One of my most damaging relationships was also my most healthy. Psychologically I think we both left more messed up than we started, but as far as growth and love goes I believe we both learned a lot about ourselves. It ended terribly but I wouldn’t change a thing. However, when it happened I felt like a complete failure. I was deep into codependence and we left things without the slightest hint of closure. I didn’t realize the extent of my dependence until we broke up and I moved back home.
My family didn’t recognize me.
Well, physically, sure, but the rest of me was foreign. I didn’t have so much as an opinion or original thought, I was a shell of my true myself.
I’m now five years removed from the terrible break-up. I am high on life, focused on what I’m interested in, and surrounded by incredibly supportive family and friends. Along with therapy and finding my own spirituality, I thought I’d be an iron curtain to anyone who might want to change any part of me that shouldn’t be changed.
Oh how wrong I was…
I met this guy in my apartment a few weeks ago. He was attractive, charming, seemingly intelligent, so we made plans to hangout. After you read what’s below, you’ll see why we sputtered just as quickly as we sparked. It was disappointing, but it did demonstrate how easily the process of losing sight of one’s self can start even from the very beginning if one is not paying attention.
Here we go.
Observation #1: His apartment is sparse. Very few personal affects, very little of anything. It looks more like one of the places they decorate to show rather than one that someone lives in. He mentions that he doesn’t like to stay in any one place too long and will probably move again in May. He also leases his cars every 1-2 years.
First Impression: Ok so he’s got commitment issues, what guy doesn’t? He’s 37, I’m thinking now is about the time he’ll start to realize that commitment isn’t so scary. And he’s really nice to look at so I’ll just keep doing that…
Impression Upon Reflection: DEEP into commitment issues. You know what they say: the older you get, the more like yourself you become. The voice in my head is saying
Run. Run away very, very quickly. No looking back allowed.
Observation #2: When I mentioned how sad it was that Tim Burton and Helena Bonham broke up he got excited. He said they never married but had children together. They didn’t live together but had houses on the same street. “It’s like dating forever! Isn’t that cool?!”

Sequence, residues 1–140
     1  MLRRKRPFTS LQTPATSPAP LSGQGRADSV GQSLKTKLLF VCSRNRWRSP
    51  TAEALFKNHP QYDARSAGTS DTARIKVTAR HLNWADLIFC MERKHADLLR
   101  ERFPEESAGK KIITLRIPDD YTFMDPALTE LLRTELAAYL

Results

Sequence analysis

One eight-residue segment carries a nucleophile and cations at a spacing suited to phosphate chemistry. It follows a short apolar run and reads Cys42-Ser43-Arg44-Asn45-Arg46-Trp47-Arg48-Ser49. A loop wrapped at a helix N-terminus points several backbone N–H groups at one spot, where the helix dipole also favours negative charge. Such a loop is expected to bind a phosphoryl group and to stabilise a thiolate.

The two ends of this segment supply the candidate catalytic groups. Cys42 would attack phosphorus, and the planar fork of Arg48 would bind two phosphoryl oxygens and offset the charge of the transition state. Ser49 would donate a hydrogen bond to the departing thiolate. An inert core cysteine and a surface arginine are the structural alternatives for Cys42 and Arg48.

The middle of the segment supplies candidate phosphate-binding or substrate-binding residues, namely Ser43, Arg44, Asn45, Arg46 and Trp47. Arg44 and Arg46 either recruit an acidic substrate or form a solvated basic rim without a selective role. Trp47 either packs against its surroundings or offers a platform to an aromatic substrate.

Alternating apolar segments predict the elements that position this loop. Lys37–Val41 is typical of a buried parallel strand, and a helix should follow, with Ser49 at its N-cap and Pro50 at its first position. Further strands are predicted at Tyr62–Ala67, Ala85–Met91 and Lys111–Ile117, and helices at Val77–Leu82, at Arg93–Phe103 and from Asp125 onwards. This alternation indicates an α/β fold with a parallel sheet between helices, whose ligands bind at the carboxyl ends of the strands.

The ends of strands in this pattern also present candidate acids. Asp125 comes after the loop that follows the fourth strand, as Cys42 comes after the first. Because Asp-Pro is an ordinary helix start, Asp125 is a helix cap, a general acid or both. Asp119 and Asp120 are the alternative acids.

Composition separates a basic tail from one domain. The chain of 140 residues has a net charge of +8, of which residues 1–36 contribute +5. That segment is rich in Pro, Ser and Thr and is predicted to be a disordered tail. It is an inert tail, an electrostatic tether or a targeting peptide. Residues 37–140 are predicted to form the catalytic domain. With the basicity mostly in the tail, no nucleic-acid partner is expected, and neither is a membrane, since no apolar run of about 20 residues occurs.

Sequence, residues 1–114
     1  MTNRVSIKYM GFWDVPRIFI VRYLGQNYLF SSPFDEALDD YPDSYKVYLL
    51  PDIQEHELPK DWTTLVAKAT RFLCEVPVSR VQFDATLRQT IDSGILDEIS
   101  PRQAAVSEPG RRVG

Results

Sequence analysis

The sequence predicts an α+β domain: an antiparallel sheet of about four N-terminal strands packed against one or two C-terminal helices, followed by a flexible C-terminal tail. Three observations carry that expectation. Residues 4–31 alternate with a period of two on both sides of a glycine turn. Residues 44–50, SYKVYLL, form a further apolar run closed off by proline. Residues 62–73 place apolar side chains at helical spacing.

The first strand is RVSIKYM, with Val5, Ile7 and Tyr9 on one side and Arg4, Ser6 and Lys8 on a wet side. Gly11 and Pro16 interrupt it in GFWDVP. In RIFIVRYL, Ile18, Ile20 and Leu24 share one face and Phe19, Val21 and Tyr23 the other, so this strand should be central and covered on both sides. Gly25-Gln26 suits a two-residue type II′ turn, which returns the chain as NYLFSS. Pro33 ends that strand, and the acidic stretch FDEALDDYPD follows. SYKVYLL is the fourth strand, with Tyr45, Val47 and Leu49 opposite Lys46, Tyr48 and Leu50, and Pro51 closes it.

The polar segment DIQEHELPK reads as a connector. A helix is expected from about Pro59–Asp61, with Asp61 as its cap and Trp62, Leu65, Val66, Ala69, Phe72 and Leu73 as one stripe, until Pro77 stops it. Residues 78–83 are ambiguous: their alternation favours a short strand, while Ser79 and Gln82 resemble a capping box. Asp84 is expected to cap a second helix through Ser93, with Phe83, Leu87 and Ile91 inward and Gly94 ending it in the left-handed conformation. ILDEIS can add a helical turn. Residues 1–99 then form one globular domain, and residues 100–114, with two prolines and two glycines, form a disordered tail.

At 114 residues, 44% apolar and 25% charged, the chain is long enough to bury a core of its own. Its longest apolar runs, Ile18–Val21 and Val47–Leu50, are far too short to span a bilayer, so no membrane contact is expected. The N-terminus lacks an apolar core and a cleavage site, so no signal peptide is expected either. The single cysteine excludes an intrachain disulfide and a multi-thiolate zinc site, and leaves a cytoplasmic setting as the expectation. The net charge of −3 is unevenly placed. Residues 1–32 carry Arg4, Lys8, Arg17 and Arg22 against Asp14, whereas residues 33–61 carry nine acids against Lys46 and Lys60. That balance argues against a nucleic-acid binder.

First Impression: Ok so he wants the best of both worlds. I’m sure he’ll come to the realization that marriage promises a much deeper connection than trying to maintain the benefits of the not-quite-fully-attached life.
Impression Upon Reflection: He has absolutely no idea what a healthy, happy relationship looks like. He’s got these irrational fears based on the lives and relationship experiences of others. What you create in your mind will manifest in your life.
Observation #3: This conversation happens during our second encounter –
Dude: Have you thought about me since we last saw each other?
Me: Yes *smiling like the fool I am*
Dude: How many serious relationships have you had?
Dude: I’ve had three. Although I’m scared to get into another one because I’m afraid I’ll hurt her.
Me: Did you do something bad to a past girlfriend?
Dude: No… they just didn’t work out.
Me: Well that’s nothing to feel guilty about. Sometimes things don’t work out.
Him: Yeah… *eyes full of valid guilt*
First Impression: He’s such a sweetheart! Break-ups are hard and he can’t stand to see someone he cares for hurt.
Impression Upon Reflection: He’s a serial monogamist. And this isn’t just guess work, he volunteers the information. Probably as a scare tactic but I don’t know the definition and let it go. I Google what it means after he leaves and find this definition: One who jumps from one serious relationship to another. They may last a few months to years, however the serial monogamist is always holding back and if the other partner in the romance pushes at all, the serial monogamist will end the relationship swiftly and often without emotion.